Tomorrow brings the most important economic data of the month – the Nonfarm Payrolls Report. Investors appear to be prepping for a negative report after jobless claims came in weaker than expected this morning and are forecasting very marginal improvements in month over month job gains. Last month’s data came in at -216K jobs and an unemployment rate of 9.7%. The consensus is currently forecasting -170K and an unemployment rate of 9.8%. Let’s have a look around Wall Street at what analysts currently expect:
PNC is looking for -190K and an unemployment rate of 9.8%.
Wells Fargo says:
We expect nonfarm employment likely dropped by 205,000 jobs with the unemployment rate reaching 9.8 percent in August. Nonfarm employment will likely continue to decline into early 2010 and the unemployment rate will not likely top out until early to the middle of next year.
JP Morgan is the most optimistic of the bunch:
We forecast that the unemployment rate edged up to 9.8% in September from 9.7% (9.657%) in August. We ultimately expect the unemployment rate to peak at around 10.0% by the end of the year.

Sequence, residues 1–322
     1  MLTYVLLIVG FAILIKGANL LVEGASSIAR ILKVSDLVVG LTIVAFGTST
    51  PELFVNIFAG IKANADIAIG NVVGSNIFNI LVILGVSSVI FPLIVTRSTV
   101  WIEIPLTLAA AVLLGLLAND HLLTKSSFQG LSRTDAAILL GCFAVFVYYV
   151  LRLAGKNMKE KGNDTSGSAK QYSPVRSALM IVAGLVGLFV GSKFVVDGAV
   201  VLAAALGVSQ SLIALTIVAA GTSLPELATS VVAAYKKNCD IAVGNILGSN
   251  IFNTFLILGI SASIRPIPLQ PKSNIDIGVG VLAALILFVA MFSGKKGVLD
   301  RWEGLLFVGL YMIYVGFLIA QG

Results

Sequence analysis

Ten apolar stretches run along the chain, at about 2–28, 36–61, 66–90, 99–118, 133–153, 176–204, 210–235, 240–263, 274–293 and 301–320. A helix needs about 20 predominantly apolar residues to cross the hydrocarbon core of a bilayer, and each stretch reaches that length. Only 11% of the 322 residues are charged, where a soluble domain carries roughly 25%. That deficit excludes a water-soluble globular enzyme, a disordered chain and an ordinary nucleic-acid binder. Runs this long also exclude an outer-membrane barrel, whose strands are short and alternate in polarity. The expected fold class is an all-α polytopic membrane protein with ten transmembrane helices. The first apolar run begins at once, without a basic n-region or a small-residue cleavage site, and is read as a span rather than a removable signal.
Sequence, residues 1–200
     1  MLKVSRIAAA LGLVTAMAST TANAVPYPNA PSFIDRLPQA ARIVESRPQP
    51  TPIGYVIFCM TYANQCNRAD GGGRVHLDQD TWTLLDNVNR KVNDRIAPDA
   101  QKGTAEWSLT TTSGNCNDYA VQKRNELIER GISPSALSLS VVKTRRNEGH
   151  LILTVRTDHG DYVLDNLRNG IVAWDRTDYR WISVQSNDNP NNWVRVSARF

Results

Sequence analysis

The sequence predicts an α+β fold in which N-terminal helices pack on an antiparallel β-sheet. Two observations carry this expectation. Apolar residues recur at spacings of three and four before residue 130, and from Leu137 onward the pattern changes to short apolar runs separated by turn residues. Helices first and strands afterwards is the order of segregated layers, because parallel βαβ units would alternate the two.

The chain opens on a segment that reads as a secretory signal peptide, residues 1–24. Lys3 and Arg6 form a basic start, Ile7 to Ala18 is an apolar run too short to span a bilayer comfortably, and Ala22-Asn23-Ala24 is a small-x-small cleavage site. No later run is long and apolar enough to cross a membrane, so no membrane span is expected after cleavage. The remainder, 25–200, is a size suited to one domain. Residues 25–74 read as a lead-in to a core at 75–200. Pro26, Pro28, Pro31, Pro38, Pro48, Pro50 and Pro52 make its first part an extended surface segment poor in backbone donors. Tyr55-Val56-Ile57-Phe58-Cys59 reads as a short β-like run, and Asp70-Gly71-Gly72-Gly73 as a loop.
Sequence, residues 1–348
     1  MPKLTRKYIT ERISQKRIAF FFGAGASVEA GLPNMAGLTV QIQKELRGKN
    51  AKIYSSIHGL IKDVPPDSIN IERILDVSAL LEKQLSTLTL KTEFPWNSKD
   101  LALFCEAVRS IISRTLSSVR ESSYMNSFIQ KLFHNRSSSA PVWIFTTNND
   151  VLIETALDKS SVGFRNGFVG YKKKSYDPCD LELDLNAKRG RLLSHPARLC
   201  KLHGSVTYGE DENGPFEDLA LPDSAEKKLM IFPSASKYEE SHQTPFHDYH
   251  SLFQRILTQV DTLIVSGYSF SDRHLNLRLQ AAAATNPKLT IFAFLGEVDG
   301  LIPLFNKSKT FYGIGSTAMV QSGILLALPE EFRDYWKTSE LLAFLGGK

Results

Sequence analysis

We expect that nonfarm payroll employment fell by 140,000 in September after falling by 216,000 in August and an average of 318,000 per month over the last three months. We also expect that the unemployment rate increased to 9.8% from 9.7%.
Zero Hedge has the report from Goldman Sachs:
Goldman’s NFP forecasts have an eerie ability to be +/- 3 people of the actual payroll number. Which is why those expecting an upside surprise to tomorrow’s payroll number may be unpleasantly surprised. Just released by Jan Hatzius of GS:
Downgrading Our Sept Payroll Forecast
BOTTOM LINE: We are changing our forecast for the September change in nonfarm payrolls to -250,000 from -200,000. We continue to think that the unemployment rate will be reported at 9.8%.
1. The latest data points on the US job market have been disappointing on balance, including the Monster index of on-line hiring, the ISM employment index, consumers’ assessments of job availability, and the total number of individuals receiving continuing claims for unemployment insurance, including those for extended benefits. Accordingly, we now expect nonfarm payrolls to be reported at -250,000 in tomorrow’s labor market report for September versus a previous forecast of – 200,000.
2. Although many of the same indicators would suggest a larger increase in the unemployment rate than the 0.1-point we have been expecting, the new information is not quite enough to warrant a change, especially since the 9.7% reported for August rounded up to that level. However, risks lie to the side of a higher figure.
Consensus is calling for marginal month over month improvement which doesn’t appear far off to us. Plus, the market is pricing in a fairly negative number. Nonetheless, ignore Goldman at your own peril. The risk aversion trade doesn’t change heading into tomorrow’s NFP data….